"What are you doing here?" (1 Kings 19)



Elijah in distress

Elijah is going through the worst time of his life. He just defeated hundreds of Baal prophets by pulling off one of the most spectacular miraculous acts in ancient times. But did people listen to him and return to God? No. Did King Ahab acknowledge him and his work? No. What's worst, now the evil queen Jezebel was plotting to kill him. Read 1 Kings Chapter 19.

Which emotion stands out to you most while you're reading the story? Anger Frustration Confusion Indifference Fear Insecurity Uncertainty Other: ____________

Verse 4: “I have had enough, Lord,” he said. “Take my life; I am no better than my ancestors.” Elijah was comparing himself with his predecessors, a very human thing to do. What's wrong with comparing with other people? How had this comparison affected Elijah?

Verses 6-7:

What did the angel of the Lord tell Elijah to do first? It's probably not what we'd expect God to say to us when we're in trouble! He even said it twice. Why is this important before other things?

Verse 9, 13: “What are you doing here, Elijah?” As Tim Keller once said, God never asks questions for information. He asks questions for our own sake. Why do you think God asked Elijah this question twice? In the Bible, we don't know what tone God was using when he asked, "What are you doing here?" What tone do you think God was speaking in? (Soft and gentle? Shocked? Judgemental? Or like policeman catching a criminal redhanded?) Why do you think so?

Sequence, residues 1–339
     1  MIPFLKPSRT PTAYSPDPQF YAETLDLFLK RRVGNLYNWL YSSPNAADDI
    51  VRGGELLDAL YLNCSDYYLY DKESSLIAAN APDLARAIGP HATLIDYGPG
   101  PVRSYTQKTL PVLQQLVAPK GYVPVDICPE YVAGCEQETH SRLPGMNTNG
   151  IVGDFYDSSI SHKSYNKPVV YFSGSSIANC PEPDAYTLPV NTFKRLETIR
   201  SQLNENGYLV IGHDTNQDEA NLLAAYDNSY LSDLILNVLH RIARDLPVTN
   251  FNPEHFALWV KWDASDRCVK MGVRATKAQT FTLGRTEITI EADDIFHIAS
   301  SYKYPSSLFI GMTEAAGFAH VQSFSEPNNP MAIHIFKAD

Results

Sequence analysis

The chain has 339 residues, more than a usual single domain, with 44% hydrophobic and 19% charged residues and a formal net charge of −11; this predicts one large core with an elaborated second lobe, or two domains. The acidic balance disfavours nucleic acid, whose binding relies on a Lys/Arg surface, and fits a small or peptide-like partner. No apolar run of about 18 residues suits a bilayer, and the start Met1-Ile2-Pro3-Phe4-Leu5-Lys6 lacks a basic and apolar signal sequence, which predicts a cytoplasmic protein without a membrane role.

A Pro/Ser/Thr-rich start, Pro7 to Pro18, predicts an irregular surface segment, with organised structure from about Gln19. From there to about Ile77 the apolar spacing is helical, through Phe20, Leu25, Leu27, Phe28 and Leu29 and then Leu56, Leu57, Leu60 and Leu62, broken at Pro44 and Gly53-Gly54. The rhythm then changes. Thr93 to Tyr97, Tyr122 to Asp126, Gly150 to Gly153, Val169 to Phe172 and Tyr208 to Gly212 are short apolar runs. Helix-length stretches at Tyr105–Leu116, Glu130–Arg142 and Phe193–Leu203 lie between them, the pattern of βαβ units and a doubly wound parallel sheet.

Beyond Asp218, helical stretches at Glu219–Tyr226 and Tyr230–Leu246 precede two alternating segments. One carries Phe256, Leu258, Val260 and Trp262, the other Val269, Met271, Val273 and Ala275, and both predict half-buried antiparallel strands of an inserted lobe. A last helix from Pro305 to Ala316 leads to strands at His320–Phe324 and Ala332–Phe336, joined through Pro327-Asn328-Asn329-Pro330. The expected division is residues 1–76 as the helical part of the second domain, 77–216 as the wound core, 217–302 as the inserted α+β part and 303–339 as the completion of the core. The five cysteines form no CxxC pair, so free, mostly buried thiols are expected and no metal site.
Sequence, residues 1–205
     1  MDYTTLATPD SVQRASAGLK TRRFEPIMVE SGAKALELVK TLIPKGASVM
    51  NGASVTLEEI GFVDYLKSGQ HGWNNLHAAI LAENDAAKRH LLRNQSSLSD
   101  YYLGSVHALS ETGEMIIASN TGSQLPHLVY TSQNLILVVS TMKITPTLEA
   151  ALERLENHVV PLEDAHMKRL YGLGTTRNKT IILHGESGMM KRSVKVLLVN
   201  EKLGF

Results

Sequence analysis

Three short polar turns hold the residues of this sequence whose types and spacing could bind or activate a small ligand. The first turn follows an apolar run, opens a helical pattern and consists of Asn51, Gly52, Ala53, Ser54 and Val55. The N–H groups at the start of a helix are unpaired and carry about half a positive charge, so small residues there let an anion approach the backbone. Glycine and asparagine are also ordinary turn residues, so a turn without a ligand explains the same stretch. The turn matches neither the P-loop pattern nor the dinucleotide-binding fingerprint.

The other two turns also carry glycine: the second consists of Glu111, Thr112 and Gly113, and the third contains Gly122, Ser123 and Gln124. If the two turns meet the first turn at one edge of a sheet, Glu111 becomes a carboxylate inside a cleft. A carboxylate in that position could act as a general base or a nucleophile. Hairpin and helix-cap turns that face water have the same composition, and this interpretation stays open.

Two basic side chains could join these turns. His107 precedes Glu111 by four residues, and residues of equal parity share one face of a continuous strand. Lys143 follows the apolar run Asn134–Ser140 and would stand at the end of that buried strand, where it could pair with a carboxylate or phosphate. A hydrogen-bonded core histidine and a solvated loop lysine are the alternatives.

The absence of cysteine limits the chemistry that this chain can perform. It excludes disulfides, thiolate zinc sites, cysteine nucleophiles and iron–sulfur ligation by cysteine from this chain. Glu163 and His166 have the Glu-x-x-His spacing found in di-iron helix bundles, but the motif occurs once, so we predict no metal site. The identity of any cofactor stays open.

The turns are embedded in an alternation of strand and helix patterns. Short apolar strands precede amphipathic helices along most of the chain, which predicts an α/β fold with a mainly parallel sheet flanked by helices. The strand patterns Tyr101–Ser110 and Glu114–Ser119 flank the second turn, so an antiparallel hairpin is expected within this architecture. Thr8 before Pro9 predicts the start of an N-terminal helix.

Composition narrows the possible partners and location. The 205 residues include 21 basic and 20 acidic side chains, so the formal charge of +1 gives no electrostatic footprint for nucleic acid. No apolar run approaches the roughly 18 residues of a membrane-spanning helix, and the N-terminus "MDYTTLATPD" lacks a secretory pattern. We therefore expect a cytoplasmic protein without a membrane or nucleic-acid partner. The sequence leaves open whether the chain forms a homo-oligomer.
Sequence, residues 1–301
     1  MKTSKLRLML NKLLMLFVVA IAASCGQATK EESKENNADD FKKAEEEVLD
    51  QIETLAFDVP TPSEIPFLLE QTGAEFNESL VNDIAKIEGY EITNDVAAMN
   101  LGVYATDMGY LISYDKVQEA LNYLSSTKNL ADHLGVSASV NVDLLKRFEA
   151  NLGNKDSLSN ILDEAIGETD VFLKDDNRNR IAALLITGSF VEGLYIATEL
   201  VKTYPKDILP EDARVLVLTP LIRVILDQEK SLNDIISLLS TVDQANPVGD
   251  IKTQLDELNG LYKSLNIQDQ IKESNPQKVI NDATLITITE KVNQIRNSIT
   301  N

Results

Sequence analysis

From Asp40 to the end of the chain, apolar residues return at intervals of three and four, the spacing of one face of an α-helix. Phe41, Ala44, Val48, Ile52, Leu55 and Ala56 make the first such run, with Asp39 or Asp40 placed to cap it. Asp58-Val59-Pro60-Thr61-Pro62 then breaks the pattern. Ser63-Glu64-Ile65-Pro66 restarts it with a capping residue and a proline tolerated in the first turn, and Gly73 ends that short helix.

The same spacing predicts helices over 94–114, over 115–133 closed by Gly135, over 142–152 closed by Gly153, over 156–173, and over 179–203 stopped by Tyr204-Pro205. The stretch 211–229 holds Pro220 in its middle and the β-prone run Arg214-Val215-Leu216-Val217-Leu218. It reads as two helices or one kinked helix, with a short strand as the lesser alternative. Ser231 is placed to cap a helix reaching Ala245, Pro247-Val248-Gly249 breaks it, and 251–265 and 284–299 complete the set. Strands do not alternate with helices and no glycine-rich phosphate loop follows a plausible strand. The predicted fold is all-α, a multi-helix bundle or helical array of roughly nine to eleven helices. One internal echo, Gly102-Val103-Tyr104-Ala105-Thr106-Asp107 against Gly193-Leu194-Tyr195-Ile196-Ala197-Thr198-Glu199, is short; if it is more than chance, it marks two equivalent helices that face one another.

Verse 10, 14: Read Elijah's replies in verses 10 and 14.

What reasons did Elijah give for his frustration and depression? Is his perspective an accurate view of reality? (Note Elijah had already been told very clearly that he was not the only one left. See Chapter 18)


How often do we have a similar perspective?

Verses 11-13, 15-18

How did God deal with the depressed Elijah?


What can we learn about God in His response to Elijah?


In the end, it's not about Elijah, it's all about God and His grand scheme for His people. None of the troubles, dangers, injustices, fears that Elijah was experiencing could change God's plan and His provision for His people. This is not to deny or invalidate all the pain and suffering Elijah was going through. God did not tell Elijah how he should or should not feel. Instead, God continued to provide for Elijah, speak into his life, opened his eyes to see God's work in Elijah's life and human history which He had already begun.


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